The Postal Service as it exists today is financially unsustainable.  It is burdened by an outdated and inflexible business model.  Without significant structural changes, it will continue to record large financial losses.  We must get on the path to financial stability quickly, and we need your help to do so.

Earlier this year, the Postal Service published a comprehensive business plan designed to restructure the organization and return it to profitability.  If fully implemented, our plan will generate $20 billion of savings by 2017, including the repayment of our debt.  

The Postal Service is pursuing elements of this plan very aggressively and we are achieving some great results – especially in areas relating to the consolidation of mail processing facilities, elimination of delivery routes, optimizing our retail network and generating new revenue in our package business.

Unfortunately, the strategies we are allowed to pursue cannot get us to the $20 billion dollar mark by 2017.  To fully implement our plan, we require the enactment of legislation that reforms our business model. 

I want to make the point that the legislation we are seeking is not merely about closing a very large budget gap.  We want to be an organization that can readily adapt to the changing demands of our customers.  The marketplace for mailing and shipping services is changing and the Postal Service requires a legal framework that enables it to act with speed and flexibility. 

Will we always meet our universal service obligations – and – meet the basic product and service expectations of the American public?  This legislation could determine whether we can continue to do so in the future.  

Can we be much more nimble and efficient and continue to invest in the future of the mailing industry?  Yes…. but we need the flexibility under the law to do so.

In 2006, the Congress gave the Postal Service some flexibility to better compete in the package delivery business.  We made the most of that flexibility.  We created effective products and marketing campaigns, and now our package business is growing rapidly.  We need this kind of flexibility across all of our businesses.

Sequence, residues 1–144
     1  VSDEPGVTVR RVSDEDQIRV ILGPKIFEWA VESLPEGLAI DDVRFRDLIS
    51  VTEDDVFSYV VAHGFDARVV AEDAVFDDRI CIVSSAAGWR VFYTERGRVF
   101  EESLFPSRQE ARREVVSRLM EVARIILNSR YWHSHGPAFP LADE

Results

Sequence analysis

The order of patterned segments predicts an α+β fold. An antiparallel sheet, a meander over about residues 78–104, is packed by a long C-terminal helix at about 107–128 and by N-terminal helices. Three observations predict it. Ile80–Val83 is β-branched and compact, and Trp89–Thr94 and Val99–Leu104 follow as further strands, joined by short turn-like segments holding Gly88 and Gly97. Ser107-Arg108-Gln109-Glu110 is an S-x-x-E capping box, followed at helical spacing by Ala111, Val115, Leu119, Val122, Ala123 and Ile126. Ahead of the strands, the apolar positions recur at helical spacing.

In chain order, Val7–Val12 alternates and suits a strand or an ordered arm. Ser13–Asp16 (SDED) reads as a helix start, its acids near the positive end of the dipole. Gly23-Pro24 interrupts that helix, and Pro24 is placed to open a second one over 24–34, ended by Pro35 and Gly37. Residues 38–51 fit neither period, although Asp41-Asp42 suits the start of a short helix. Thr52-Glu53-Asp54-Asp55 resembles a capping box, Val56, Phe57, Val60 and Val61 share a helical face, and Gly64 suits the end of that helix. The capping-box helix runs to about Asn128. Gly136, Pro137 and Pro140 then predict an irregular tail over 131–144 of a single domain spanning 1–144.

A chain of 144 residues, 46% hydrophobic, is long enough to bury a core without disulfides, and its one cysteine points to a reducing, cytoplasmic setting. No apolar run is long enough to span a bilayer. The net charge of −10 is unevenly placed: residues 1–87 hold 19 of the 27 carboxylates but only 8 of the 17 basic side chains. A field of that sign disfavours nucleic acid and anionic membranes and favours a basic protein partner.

We believe there are tremendous opportunities to leverage data and technology to make mail a more compelling investment for America’s businesses.  We also believe there are great opportunities for the Postal Service to provide digital offerings in the future.  

If we are able to operate with greater product and pricing flexibility under the law, and if we can do so from a strong financial position, I am confident that we can develop and market products and services that drive growth in the American economy – and – benefit America’s mailing industry. 

Mr. Chairman, we are highly focused on the health of America’s mailing industry.  Mail is a communications channel that competes against digital, print, broadcast and other media channels.  Industry-wide innovation is very important, and the Postal Service should have the flexibility to support and speed that innovation.

We also need to keep mail affordable so that mail remains competitive and continues to deliver value for America’s businesses. 

Unfortunately, because our financial condition is so precarious, and the legislative process is so uncertain, we’ve reached the point that we have to consider price increases above the rate of inflation.  I believe it is important that we discuss this issue today, because the prospects for legislation have a direct bearing on pricing decisions that may impact the health of our business customers.  

Let me conclude with the following thought: 

The Postal Service is quickly moving down a path that leads to becoming a massive, long-term burden to the American taxpayer.  The legislation you are considering is a great starting point to get us off the path to disaster and onto the path toward financial stability.

We agree with the overall approach taken in Senate bill 1486.  It provides important pricing and product flexibility, and a strong framework for restructuring the Postal Service.  However, to meet the goal of generating savings of $20 billion by 2017, the legislation must resolve our long-term healthcare costs.  I believe this is achievable, and I’m greatly encouraged by the recent discussions on this topic – which I know we will be discussing further next week.

I would like to thank the committee for taking up postal reform legislation this year.  I look forward to supporting your work and hope to help in any way I can.  This concludes my remarks.